One of the purposes of process mapping is to gain better understanding of a process. The flowchart below is a good example of using process mapping to understand and improve a process. In this chart, the process is making pasta. Even though this is a very simplified process map example, many parts of business use similar diagrams to understand processes and improve process efficiency, such as operations, finance, supply chain, sales, marketing and accounting.

Figure 5 A Design for Mapping the Understanding


4.3 Benefits of process mapping

Process mapping spotlights waste, streamlines work processes and builds understanding. Process mapping allows you to visually communicate the important details of a process rather than writing extensive directions.

Flowcharts and process maps are used to:

 Increase understanding of a process  Analyze how a process could be


 Show others how a process is done  Improve communication between

individuals engaged in the same process  Provide process documentation

 Plan projects

Process maps can save time and simplify projects because they:

 Create and speed up the project design  Provide effective visual communication

of ideas, information and data

 Help with problem solving and decision making

 Identify problems and possible solutions  Can be built quickly and economically  Show processes broken down into steps

and use symbols that are easy to follow  Show detailed connections and


 Show an entire process from the beginning to the end

Process maps help you to understand the important characteristics of a process, allowing you to produce helpful data to use in problem solving. Process maps let you strategically ask important questions that help you improve any process.

4.4 Types of process mapping


Activity Process Map: represents value added and non-value added activities in a process

Detailed Process Map: provides a much more detailed look at each step in the process

Document Map: documents are the inputs and outputs in a process

High-Level Process Map: high-level representation of a process involving interactions between Supplier, Input, Process, Output, Customer (SIPOC)  Rendered Process Map: represents

current state and/or future state processes to show areas for process improvement  Swimlane (or Cross-functional) Map:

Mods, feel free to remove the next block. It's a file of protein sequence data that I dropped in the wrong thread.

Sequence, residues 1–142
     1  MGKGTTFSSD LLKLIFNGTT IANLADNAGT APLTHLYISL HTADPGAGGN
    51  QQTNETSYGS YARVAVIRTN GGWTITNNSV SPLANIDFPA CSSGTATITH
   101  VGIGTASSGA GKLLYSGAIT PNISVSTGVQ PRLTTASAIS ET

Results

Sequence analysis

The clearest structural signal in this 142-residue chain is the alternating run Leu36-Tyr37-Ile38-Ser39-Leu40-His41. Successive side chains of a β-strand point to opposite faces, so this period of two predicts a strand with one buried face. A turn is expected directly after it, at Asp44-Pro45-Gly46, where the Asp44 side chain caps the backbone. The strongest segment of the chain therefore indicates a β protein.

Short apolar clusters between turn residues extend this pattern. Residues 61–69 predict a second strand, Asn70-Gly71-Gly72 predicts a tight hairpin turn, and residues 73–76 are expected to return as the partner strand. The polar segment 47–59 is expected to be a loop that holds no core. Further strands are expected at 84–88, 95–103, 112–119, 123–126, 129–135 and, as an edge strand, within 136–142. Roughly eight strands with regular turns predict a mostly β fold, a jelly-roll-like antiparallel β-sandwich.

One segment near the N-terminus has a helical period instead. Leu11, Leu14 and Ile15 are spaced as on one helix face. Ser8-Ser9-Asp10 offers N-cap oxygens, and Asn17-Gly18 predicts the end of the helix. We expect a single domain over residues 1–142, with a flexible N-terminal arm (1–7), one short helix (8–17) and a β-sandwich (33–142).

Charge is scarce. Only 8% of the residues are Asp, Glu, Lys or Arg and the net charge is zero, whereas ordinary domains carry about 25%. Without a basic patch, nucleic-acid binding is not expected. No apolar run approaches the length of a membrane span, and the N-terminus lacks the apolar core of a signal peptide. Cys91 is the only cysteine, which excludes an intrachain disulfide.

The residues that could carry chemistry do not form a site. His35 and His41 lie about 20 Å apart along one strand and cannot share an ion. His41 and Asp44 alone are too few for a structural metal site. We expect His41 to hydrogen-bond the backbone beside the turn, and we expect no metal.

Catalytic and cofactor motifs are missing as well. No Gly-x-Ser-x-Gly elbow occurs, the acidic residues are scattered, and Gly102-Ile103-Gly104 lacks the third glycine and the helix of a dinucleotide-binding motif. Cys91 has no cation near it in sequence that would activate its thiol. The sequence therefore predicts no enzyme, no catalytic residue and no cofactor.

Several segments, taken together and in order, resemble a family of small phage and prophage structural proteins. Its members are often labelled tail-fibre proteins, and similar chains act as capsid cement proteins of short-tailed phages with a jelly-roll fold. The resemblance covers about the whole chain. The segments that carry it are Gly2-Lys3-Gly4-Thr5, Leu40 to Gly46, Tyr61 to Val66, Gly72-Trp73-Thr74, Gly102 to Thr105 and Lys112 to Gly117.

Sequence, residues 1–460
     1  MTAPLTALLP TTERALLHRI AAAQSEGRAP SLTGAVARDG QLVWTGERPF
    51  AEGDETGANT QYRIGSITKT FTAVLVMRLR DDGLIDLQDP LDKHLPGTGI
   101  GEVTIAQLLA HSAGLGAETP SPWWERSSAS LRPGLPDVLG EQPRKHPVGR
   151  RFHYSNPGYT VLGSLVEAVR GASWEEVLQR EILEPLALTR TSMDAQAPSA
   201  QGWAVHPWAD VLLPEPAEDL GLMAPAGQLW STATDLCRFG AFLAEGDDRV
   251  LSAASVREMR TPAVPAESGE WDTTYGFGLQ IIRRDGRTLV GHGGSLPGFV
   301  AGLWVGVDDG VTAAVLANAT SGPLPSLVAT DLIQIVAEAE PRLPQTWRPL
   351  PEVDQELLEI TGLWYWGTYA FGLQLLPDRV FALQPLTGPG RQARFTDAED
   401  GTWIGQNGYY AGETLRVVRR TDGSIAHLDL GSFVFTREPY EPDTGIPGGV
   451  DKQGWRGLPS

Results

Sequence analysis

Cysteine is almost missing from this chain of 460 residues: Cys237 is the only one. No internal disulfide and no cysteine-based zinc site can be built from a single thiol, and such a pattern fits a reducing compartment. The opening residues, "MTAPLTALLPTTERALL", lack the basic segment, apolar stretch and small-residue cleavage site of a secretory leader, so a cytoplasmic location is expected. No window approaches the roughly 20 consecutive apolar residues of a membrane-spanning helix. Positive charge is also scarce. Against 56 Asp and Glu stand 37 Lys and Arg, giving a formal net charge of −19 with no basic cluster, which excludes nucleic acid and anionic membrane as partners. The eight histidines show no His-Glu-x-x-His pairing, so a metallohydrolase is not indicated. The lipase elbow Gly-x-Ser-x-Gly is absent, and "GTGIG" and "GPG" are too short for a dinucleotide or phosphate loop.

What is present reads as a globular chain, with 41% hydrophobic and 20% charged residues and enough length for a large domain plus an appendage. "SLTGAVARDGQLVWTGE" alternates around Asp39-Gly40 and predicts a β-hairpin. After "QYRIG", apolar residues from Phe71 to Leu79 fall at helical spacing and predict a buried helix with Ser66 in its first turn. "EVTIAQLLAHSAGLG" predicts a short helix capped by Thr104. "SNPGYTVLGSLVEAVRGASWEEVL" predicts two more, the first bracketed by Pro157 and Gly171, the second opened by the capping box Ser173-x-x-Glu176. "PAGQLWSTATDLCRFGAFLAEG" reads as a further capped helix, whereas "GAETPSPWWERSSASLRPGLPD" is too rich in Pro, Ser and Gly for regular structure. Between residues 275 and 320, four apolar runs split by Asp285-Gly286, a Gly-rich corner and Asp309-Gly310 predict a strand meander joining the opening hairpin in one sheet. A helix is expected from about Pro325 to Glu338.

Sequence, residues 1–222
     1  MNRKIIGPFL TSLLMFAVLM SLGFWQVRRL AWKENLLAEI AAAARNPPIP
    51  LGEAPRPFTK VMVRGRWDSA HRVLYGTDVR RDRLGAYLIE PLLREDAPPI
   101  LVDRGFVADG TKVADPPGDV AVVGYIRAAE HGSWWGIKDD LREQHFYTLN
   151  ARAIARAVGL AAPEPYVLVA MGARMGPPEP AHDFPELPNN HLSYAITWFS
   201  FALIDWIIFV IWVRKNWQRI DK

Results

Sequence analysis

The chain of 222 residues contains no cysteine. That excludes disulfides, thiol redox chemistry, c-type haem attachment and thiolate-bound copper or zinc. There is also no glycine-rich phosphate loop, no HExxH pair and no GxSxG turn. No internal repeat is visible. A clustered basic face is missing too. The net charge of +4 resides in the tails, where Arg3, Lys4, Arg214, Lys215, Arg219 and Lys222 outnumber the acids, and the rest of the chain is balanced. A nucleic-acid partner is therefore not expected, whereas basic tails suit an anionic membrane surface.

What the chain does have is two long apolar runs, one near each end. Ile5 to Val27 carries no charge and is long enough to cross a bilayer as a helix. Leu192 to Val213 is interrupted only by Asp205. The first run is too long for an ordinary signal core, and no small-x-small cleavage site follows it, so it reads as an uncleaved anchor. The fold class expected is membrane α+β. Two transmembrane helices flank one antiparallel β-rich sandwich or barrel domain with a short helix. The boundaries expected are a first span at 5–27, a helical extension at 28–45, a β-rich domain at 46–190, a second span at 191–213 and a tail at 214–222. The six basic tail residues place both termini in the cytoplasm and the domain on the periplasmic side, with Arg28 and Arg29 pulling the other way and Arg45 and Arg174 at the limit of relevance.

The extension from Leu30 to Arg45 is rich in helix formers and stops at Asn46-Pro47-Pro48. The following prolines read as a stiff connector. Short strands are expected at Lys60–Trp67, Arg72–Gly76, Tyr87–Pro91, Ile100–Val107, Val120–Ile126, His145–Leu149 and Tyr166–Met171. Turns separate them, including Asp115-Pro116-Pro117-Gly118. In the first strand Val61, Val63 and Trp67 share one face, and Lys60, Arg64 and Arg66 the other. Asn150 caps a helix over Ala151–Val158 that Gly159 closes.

separates out the sub-process responsibilities in the process

Value-Added Chain Diagram: unconnected boxes that represent a very simplified version of a process for quick understanding

Value Stream Map: a lean-management technique that analyzes and improves processes needed to make a product or provide a service to a customer.

Work Flow Diagram: a work process shown in “flow” format; doesn’t utilize Unified Modeling Language (UML) symbols.

4.5 Process mapping symbols

Key elements of process mapping include actions, activity steps, decision points, functions, inputs/outputs, people involved, process measurements and time required. Basic symbols are used in a process map to describe key process elements. Each process element is represented by a specific symbol such as an arrow, circle, diamond, box, oval or rectangle. These symbols come from the Unified Modeling Language or UML, which is an international standard for drawing process maps.

Figure 6 A Designs for Process mapping symbols

4.6 Business process mapping

In business, a process is a group of interrelated tasks that happen as a result of an event. These tasks produce a desired result for the customer. Process mapping can be used in many areas of business: business process improvement, business process redesign, reengineering, training, quality improvement, simulation, information technology, work measurement, documentation, process analysis, operational process design, process integration, acquisitions, mergers and selling business operations. Business process mapping can also be helpful for complying with manufacturing and service industry regulations, such as the common ISO 9000(International Organization for Standardization) or ISO 9001.